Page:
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"Wop" May and Max Ward used Blatchford Field as a major base for distributing mail, food, and medicine to Northern Canada; hence Edmonton's emergence as the "Gateway to the North".World War II saw Edmonton become a major base for the construction of the Alaska Highway and the Northwest Staging Route.The city anchors the north end of what Statistics Canada defines as the "Calgary–Edmonton Corridor".The earliest known inhabitants settled in the area that is now Edmonton around 3,000 BC and perhaps as early as 12,000 BC when an ice-free corridor opened as the last glacial period ended and timber, water, and wildlife became available in the region.
Winter lasts from November to March, and varies greatly in length and severity.In 1912, Edmonton amalgamated with the City of Strathcona, south of the North Saskatchewan River; as a result, the city extended south of the North Saskatchewan River for the first time.Originally named Blatchford Field in honour of former mayor Kenny Blatchford, pioneering aviators such as Wilfrid R.The winter of 2011–12 was particularly warm; from December 22, 2011, till March 20, 2012, on 53 occasions Edmonton saw temperatures at or above 0.0 °C (32.0 °F) at the City Centre Airport. On average, it receives 476.9 millimetres (18.78 in) of precipitation, of which 365.7 millimetres (14.40 in) is rain and 111.2 millimetres (4.38 in) is the melt from 123.5 centimetres (48.6 in) of snowfall per annum.Summer thunderstorms can be frequent and occasionally severe enough to produce large hail, damaging winds, funnel clouds, and occasionally tornadoes.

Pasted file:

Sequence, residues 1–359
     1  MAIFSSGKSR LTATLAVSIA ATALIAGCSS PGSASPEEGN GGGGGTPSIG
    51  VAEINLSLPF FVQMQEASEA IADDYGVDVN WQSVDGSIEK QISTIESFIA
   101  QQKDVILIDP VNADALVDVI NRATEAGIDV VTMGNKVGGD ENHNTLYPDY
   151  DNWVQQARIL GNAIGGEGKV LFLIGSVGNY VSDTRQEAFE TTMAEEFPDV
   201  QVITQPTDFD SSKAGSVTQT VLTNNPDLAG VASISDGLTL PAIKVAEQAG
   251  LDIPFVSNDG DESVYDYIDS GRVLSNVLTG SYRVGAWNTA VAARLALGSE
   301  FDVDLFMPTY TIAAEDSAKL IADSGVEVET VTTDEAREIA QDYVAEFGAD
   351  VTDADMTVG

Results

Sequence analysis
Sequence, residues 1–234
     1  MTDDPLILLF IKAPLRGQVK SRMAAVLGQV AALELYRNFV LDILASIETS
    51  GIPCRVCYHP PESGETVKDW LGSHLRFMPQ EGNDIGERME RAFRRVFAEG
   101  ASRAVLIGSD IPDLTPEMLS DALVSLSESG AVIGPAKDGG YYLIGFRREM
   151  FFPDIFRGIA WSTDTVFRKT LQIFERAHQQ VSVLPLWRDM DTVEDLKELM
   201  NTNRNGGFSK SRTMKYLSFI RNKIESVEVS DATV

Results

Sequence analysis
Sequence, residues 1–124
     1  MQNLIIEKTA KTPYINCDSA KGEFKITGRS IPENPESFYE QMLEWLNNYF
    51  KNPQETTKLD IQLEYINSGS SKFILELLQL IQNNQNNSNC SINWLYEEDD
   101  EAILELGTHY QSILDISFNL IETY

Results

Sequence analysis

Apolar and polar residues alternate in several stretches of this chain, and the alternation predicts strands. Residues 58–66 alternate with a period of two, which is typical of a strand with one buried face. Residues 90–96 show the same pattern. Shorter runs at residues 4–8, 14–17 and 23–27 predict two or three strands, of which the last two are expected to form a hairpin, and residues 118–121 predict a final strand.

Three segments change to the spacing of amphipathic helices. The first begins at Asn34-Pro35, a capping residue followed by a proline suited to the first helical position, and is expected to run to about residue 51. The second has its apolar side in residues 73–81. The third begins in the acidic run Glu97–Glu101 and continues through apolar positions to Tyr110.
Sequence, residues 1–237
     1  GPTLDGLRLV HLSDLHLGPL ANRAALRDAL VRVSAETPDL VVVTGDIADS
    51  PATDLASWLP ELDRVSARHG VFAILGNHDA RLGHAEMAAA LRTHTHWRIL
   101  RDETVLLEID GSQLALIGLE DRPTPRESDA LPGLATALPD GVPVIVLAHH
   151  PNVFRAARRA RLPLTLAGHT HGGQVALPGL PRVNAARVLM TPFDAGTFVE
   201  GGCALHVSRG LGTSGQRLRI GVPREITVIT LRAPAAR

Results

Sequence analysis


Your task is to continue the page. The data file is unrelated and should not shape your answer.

The new fort's name was suggested by John Peter Pruden after Edmonton, London, the hometown of both the HBC deputy governor Sir James Winter Lake, and Pruden.